We All Looked Up by Tommy Wallach

We All Looked Up by Tommy Wallach, published by Simon and Schuster
We All Looked Up by Tommy Wallach, published by Simon and Schuster

Another apocalypse book this week, and it only gets better. We All Looked Up is a debut novel by Tommy Wallach, and I’m now very intrigued at what he’ll produce in the future, because WALU certainly delivers. We are following four teenagers in their senior year, preparing to face the world, instead they are facing the end of the world. An asteroid is hurtling towards Earth, and there’s a 66.6% chance that it will collide with Earth causing mass extinction. And I loved it!I really enjoyed this book, despite the fact it is apocalyptic, it was just a really good book, and one I could connect with really easily. The book swaps between the four characters, Peter, Eliza, Anita and Andy quite often, but it flows well, ensuring that we rewind and jump forward as necessary to catch up on what’s happened with them while we were with another character. And I think it was done really well, I never felt confused about what was going on, so a really big kudos there. It was very exciting early on in the book to see the little connections between the characters staring to grow and develop.

The four characters are an odd bunch, who had a bit of history before the asteroid, but not much. There’s Peter the popular jock with the popular girlfriend, Eliza the photographer who has a reputation, Anita the highly strung overachieving girl and Andy the skating badboy. Actually thinking of how to ‘summarise’ them was difficult because of their complexities, so they are way much more than what I’ve said now, they are rich and full characters who truly do develop over the book. And of course it is the asteroid that brings them together, not without problems, but they come together, in ways you don’t really expect. There’s conflict but there’s also shall we say, love too.

So much actually happens in this book that I’m not even going to try to give a summary about it all, it also means there will be no spoilage. There was more carnage here than in last week’s apocalyptic book, The Age of Miraclesbut that’s just because it’s a different set of characters, and a different audience. The story felt very real, like everything that was going on in the book could so easily be the case in real life. It’s gritty and raw, awful shit happens, but some really lovely stuff too. I found myself so engrossed in the world, that when I stopped reading it, I had to actually remember that no we weren’t facing an asteroid coming towards us, and that this was just happening in a book. It was really vivid, and I was picturing more than what I normally would do, so the imagery was perfect.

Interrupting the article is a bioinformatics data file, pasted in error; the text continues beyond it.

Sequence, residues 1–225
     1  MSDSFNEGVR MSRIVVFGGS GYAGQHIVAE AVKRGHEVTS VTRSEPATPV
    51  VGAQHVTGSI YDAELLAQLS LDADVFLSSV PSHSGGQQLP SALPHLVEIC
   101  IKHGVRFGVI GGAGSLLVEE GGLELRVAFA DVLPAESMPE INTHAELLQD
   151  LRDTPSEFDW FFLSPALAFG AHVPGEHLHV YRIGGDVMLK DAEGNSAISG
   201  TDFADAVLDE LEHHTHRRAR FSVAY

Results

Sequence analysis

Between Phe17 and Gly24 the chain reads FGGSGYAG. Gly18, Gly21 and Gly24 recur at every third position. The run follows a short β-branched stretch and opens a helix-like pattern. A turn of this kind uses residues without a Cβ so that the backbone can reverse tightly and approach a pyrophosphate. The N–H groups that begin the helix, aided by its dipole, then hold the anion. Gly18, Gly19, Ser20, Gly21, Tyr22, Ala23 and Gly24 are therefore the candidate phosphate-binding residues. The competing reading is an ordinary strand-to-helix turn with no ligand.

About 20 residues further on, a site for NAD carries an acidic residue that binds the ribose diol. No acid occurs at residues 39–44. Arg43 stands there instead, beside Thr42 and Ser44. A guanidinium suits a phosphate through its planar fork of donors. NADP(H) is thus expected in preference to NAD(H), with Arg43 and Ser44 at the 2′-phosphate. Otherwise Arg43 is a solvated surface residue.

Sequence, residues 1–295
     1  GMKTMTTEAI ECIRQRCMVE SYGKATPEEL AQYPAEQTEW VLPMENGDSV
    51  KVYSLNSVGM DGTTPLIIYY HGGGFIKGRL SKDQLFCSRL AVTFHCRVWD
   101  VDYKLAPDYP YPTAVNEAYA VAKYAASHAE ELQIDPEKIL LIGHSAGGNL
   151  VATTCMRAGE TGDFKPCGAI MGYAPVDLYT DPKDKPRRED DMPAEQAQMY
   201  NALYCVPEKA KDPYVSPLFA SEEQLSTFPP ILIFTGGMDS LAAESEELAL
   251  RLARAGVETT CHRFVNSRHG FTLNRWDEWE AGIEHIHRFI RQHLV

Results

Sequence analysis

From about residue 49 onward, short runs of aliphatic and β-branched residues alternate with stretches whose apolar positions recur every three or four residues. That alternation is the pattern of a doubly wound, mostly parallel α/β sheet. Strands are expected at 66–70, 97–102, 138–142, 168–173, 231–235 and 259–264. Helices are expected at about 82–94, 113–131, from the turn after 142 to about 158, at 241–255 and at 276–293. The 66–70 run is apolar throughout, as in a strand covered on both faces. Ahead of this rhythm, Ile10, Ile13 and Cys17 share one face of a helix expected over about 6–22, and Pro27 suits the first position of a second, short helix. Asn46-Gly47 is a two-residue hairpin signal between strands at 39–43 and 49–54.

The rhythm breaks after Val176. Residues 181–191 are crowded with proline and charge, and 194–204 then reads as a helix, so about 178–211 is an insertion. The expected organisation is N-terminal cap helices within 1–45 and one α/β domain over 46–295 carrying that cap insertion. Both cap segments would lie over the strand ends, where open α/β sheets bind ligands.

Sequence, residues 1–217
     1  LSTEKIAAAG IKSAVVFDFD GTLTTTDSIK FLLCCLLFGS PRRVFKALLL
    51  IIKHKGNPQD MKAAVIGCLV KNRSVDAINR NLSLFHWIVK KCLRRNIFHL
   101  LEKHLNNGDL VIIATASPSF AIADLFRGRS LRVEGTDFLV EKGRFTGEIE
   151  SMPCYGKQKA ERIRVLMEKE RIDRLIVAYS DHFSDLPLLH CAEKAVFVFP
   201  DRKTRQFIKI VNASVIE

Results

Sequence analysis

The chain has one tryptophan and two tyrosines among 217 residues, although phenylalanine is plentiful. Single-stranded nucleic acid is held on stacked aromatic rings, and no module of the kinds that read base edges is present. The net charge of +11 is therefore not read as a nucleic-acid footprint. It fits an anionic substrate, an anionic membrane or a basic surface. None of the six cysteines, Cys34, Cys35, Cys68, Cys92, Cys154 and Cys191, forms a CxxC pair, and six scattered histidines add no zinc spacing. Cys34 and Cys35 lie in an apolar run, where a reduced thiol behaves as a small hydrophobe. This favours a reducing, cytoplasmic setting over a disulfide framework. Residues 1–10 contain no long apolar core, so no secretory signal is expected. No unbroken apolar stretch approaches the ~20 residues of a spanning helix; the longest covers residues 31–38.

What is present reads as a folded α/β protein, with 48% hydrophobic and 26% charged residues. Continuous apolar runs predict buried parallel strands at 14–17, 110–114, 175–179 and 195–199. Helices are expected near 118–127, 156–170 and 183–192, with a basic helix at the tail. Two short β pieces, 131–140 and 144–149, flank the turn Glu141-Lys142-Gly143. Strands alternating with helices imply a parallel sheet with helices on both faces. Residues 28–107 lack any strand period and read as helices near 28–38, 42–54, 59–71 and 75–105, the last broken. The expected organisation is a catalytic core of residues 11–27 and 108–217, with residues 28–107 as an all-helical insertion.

Apocalpytic stories are interesting in how they portray not the actual world ending event, but how humanity reacts. In this scenario, the world is given a few weeks notice of the impending asteroid. So what do you do? At what point do you stop going to work? To school? If everyone stops working, how will anyone have water or electricity? Does that mean people should be forced to go to work? And at what point does anarchy finally be allowed to rule? All these questions are so fascinating, and they were really well explored.

Beyond the societal issues, there’s all the personal ones. As a teenager how do you respond to the knowledge that you have a large chance that you’ll never get to grow older. Never have children. Never get married. You’re life will stop in a few weeks. You’ve hardly been able to live yet, it’s been school for 13 years, which is the stepping stone to actually getting a job and ‘having a life’. And what of the life you were thinking of living? Does it actually matter any more that you were going to follow your dreams of being an athlete or musician or doctor? Does it matter that you might die a virgin? Well, that last one certainly is a problem for one of our characters. So how do you want to spend your last days? And just what will it mean if in the end, the apocalypse doesn’t come? This last question wasn’t addressed too much really, yes it’s only a 33% chance of survival, but there that’s considerable.

I have to say that I just love the chapter demarcation, it’s a countdown of time until the asteroid hits, and it shows a schematic of the asteroid getting closer and closer. Certainly makes things ominous. Plus, I do enjoy reading a book which has actually been written recently which includes some more recent references to things, and does it in a way which doesn’t feel like, “hey look this is a thing people like, let’s include that so they see it and then feel better about our book”. And the ending is brilliant, made me close to tears (very high number of books this year are doing that!). And no, I won’t tell you how it ends, you’ll just have to read it for yourself 😛 ! All in all, an excellent piece of apocalyptic YA, most definitely worth a read!

Full disclosure, this is another ARC, meaning I received this book for free in exchange for an honest review. And happy Easter to everyone, hope you are enjoying some time off, some time with family and friends, and some time reading a good book (like this one!).

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One thought on “We All Looked Up by Tommy Wallach

  1. Great review! Will definately be adding this book to my TBR list, especially as I don’t tend to like this type of book but it sounds really good. I have nominated you for the Liebster Award on my latest blog post.

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